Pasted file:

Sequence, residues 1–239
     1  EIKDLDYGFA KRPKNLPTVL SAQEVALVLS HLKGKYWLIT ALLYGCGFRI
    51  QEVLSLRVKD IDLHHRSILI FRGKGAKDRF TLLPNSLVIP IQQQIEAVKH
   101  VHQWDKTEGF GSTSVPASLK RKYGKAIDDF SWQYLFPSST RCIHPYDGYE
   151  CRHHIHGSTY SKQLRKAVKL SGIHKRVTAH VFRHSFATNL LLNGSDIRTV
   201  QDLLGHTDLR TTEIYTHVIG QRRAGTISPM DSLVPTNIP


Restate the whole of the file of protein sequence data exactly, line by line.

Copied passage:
Sequence, residues 1–239
     1  EIKDLDYGFA KRPKNLPTVL SAQEVALVLS HLKGKYWLIT ALLYGCGFRI
    51  QEVLSLRVKD IDLHHRSILI FRGKGAKDRF TLLPNSLVIP IQQQIEAVKH
   101  VHQWDKTEGF GSTSVPASLK RKYGKAIDDF SWQYLFPSST RCIHPYDGYE
   151  CRHHIHGSTY SKQLRKAVKL SGIHKRVTAH VFRHSFATNL LLNGSDIRTV
   201  QDLLGHTDLR TTEIYTHVIG QRRAGTISPM DSLVPTNIP